Longing for a Better World: Hope in Professional Practices

René Erwich*, Jan van der Stoep

*Corresponding author for this work

Research output: Contribution to journalArticleAcademicpeer-review

1 Citation (Scopus)


Christians are called to be a witness to the coming of the Kingdom of God and to cultivate practices in which peace and justice may flourish. In order to serve God in their daily work, Christians are faced with situations that cause both hope and despair. In this article, we explore what the concept of hope means for the education of Christian professionals. How does hope help them to fulfill their professional duty, especially in situations in which perseverance and courage are needed? We first elaborate on what Snyder (1994), one of the founding fathers of the field of positive psychology, wrote about hope. However interesting Snyder's ideas may be, we contend that the project-based attitude to the future that guides his research does not help us to develop a full understanding of the ambiguities and urgencies of professional practice. According to the scholarship of Schön (1991) and Bourdieu (1998), hope has been described as the active anticipation of a future state of affairs. Because hope anticipates a reality that does not yet exist, it always is a risky enterprise. To use a colloquial expression, we can never be sure whether or not we are betting on the wrong horse. Kelsey (2009) reflected on hope from a theological-anthropological perspective. He argued that hope is always a response to something that is eccentric to humankind. Professionals do not bring hope themselves, but rather orient themselves to something that transcends the horizon of human existence. From a Christian point of view, hope is grounded in the community with the living God.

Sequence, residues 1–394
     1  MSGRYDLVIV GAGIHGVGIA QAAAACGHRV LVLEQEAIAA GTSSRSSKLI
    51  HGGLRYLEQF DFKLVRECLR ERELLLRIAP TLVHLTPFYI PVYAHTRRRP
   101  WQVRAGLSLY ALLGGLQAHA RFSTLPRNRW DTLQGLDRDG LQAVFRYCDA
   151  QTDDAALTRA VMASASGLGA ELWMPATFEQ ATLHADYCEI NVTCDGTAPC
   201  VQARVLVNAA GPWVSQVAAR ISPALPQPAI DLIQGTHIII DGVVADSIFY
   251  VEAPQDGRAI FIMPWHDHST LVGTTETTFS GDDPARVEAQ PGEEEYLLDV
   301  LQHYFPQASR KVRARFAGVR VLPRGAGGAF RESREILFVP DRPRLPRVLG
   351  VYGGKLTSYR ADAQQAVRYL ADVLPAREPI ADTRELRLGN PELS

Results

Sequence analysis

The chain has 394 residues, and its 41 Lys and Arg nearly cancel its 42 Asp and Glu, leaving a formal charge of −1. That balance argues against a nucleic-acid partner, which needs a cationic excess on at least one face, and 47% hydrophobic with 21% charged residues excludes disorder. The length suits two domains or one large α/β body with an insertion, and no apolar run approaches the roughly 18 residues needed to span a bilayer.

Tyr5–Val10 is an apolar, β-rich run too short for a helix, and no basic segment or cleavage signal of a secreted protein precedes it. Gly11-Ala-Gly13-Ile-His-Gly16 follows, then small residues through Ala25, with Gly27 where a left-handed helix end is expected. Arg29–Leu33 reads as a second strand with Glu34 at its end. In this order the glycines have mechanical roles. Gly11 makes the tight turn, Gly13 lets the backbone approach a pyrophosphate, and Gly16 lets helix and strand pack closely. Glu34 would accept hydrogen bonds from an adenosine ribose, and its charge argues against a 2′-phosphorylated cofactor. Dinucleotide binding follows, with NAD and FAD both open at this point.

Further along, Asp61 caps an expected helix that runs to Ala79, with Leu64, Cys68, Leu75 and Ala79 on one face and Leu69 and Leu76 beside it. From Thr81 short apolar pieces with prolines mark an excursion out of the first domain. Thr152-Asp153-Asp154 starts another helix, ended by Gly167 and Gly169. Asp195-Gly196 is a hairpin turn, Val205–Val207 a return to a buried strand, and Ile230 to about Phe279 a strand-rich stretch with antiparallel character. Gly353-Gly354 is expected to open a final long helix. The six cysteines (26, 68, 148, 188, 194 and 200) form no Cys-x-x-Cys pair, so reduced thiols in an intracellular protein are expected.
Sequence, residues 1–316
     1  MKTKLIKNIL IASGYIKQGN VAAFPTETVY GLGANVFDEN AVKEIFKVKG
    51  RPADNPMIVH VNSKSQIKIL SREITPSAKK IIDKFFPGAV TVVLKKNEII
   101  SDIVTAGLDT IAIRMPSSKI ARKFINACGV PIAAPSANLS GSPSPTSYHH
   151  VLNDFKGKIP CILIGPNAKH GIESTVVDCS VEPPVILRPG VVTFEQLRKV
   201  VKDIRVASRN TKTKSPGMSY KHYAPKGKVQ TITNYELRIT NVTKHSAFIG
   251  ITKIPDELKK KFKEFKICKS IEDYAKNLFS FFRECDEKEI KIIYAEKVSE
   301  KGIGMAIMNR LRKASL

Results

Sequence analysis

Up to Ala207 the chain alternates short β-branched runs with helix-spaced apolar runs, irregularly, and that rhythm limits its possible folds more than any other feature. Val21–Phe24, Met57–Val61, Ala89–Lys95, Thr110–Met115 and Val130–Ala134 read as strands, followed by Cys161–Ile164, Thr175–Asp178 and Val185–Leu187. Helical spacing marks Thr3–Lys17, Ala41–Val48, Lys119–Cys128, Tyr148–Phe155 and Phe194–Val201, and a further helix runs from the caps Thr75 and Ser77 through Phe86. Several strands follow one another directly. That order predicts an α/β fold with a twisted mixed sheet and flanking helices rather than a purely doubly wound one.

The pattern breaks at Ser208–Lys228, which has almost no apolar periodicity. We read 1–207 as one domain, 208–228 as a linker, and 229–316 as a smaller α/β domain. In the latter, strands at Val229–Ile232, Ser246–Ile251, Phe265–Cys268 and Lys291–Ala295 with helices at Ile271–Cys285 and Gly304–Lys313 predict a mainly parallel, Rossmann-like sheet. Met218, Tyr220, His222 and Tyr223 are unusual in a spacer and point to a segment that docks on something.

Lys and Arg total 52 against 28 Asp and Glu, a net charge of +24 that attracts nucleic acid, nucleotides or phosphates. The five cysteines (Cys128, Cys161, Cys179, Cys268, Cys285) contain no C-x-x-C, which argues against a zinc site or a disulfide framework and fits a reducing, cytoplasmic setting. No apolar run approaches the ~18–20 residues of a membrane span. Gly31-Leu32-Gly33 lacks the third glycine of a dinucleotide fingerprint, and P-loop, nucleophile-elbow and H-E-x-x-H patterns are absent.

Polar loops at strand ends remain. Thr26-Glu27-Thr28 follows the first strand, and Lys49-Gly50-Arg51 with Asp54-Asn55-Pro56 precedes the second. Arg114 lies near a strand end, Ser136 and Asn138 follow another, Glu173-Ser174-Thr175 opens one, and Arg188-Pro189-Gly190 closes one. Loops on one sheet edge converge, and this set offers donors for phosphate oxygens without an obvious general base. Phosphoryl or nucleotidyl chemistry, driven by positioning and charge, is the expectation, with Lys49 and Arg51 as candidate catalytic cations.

Original languageEnglish
Pages (from-to)107-115
Number of pages9
JournalChristian Higher Education
Issue number1-2
Publication statusPublished - 15 Mar 2017
Externally publishedYes


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